Greetings Friday Fixers! It’s the first Friday of the last month of the year (now say that five times fast). Really, it’s hard to believe that 2016 is upon us, which is why this week we take a little time between exploring creative storytelling strategies and digital storytelling to discuss what’s going to change in content marketing for 2016 as well as why it’s so important to have a plan. Other hot topics are why many are going DIY podcast and the looming giant that is virtual reality, so get comfy and get ready to get your Friday Fix on!
So, the question I think that’s raised by this article by Taylor Mallory Holland is are you approaching storytelling this holiday season as creatively as possible? Holland starts her piece talking about a successful yet quintessential holiday storytelling approach: the tearjerker. The description of the “Man on the Moon” story Holland uses as example is enough to make me want to bawl (no way I’m watching that thing and ruining my mascara); however, though a great story, Holland advises thinking “outside of the tissue box” this holiday season. Go unweepy; go digital-only; go user-generated content…go read the article and see how these things are being pulled off with much success.
For some reason, the title of Jon Simmons’ article made me think of the opening line of John Cougar Mellencamp’s “Jack and Diane”. “A little ditty about Jack and Diane….” I shared that because I want you to take the journey with me, and Mellencamp’s song about Jack and Diane is a story. Anyway, whether it’s those two crazy kids or lyrics that tell another story, there’s much content storytellers can learn from the nuanced art of song writing. Jon’s article shares tips from songwriters about the importance of setting the scene and conflict, of truth telling, of finding deeper meaning, and more. No matter what tunes you prefer, this article harmonizes with all storyteller’s goals.
“Can you tell a good story?” It’s the question posed round the world, seriously. In this article written by Inti Tam and published in Hong Kong, Tam advises to transform a true story (chock full of value and impressiveness) into stellar content. Other nuggets of wisdom in this exploration of good storytelling is that visual mediums are of increasing value (as we’ve discussed previously) but Tam adds that audiences’ waning attention spans means that it’s essential to go straight for the gold; “give them the best in the first few seconds,” Rupam Borthakur, a managing director who is quoted in Tam’s article, advises. Check out this piece to see what other great advice on good storytelling Tam brings from the other side of the world.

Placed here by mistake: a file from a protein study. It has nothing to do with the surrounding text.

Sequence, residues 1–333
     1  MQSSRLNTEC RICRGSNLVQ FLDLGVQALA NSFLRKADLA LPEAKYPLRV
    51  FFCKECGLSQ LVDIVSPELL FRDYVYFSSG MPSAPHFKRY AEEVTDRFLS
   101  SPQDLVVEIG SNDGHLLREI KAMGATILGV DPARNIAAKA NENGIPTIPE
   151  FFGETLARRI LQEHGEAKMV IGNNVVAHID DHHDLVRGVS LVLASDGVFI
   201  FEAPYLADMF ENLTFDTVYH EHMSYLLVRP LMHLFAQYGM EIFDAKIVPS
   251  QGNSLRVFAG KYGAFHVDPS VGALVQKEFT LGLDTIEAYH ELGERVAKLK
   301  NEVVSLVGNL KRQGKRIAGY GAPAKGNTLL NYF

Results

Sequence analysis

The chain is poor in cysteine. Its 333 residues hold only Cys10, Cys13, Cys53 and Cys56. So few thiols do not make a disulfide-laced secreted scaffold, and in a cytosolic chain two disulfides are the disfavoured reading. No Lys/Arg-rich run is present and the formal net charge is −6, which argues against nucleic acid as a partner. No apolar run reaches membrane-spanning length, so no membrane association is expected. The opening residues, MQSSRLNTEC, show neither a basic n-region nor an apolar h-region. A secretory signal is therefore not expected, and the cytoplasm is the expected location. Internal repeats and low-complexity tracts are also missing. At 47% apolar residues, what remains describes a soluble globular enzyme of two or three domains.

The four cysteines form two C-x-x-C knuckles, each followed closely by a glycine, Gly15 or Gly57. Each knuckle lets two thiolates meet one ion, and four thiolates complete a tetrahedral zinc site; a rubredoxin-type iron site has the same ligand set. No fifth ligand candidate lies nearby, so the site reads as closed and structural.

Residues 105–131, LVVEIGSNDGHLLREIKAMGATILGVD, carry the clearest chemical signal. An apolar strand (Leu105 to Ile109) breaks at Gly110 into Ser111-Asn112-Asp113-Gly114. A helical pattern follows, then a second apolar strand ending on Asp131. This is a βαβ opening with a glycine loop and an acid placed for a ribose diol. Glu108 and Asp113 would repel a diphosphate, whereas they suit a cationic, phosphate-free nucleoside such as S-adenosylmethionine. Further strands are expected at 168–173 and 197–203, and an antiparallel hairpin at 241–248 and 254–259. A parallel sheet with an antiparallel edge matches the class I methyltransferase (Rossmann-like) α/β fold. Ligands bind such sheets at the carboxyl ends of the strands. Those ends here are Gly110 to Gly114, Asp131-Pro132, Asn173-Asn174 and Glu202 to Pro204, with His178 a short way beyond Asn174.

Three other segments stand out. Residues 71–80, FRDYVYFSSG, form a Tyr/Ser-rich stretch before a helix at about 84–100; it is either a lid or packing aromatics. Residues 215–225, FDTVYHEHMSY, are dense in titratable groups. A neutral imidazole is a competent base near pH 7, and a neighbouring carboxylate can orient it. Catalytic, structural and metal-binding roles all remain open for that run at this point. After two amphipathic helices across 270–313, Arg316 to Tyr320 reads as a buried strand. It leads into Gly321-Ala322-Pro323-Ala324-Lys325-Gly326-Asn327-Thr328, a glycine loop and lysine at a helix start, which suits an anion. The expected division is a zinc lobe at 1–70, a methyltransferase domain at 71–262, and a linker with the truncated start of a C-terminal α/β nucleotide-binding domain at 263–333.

Though we’ve never overtly said it, the message of John Montesi’s article has seasoned the flavor of much of the storytelling guidance we promote, which is that many lessons related to storytelling are applicable regardless of the breadth of your enterprise. In this piece, John looks at what the big guys have that the little guy’s envy and what the little guys have that the big guys want (as in, no matter what your size is, you have key advantages but you can always learn from the other players in the field). Thus, John goes into detail on smart storytelling approaches like thinking like a startup.
We’ve jammed on trends and forecasts for 2016, but Yaniv Makover brings something new to the table with this article: an exploration of what will change in content marketing for 2016 (which, holy smokes, is 27 days away). So, what will change? I’ll share a few morsels, but you’ll need to read Makover’s article for the whole enchilada. First, mobile will usurp browsers; publishers will be cool with content being read offsite, and paid distribution won’t be publishers’ dirty little secret anymore (arguably the best kind of secrets).